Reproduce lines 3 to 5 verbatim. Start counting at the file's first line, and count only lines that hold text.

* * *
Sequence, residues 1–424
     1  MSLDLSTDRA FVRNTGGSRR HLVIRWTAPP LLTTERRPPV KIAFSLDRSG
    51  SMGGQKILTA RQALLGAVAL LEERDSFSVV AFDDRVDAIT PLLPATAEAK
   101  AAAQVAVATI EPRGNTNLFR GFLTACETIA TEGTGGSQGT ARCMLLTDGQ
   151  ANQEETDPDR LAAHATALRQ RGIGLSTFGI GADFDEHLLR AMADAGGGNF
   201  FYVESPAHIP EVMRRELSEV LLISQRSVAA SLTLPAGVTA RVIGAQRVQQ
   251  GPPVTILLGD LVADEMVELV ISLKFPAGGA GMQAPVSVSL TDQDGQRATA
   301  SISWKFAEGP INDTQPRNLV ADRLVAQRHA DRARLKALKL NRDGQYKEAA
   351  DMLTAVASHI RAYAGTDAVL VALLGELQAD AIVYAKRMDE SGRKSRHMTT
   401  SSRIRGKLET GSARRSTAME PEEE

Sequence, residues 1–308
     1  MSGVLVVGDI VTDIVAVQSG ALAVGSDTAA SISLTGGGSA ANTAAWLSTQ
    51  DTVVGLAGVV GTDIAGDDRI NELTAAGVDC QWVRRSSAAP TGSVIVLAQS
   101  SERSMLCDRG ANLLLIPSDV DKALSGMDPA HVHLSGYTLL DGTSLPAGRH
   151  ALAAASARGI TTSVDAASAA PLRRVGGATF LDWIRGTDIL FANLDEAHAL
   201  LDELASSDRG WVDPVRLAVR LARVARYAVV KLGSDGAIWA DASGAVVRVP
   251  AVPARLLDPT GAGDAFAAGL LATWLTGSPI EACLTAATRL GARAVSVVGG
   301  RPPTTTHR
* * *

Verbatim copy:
    51  SMGGQKILTA RQALLGAVAL LEERDSFSVV AFDDRVDAIT PLLPATAEAK
   101  AAAQVAVATI EPRGNTNLFR GFLTACETIA TEGTGGSQGT ARCMLLTDGQ
   151  ANQEETDPDR LAAHATALRQ RGIGLSTFGI GADFDEHLLR AMADAGGGNF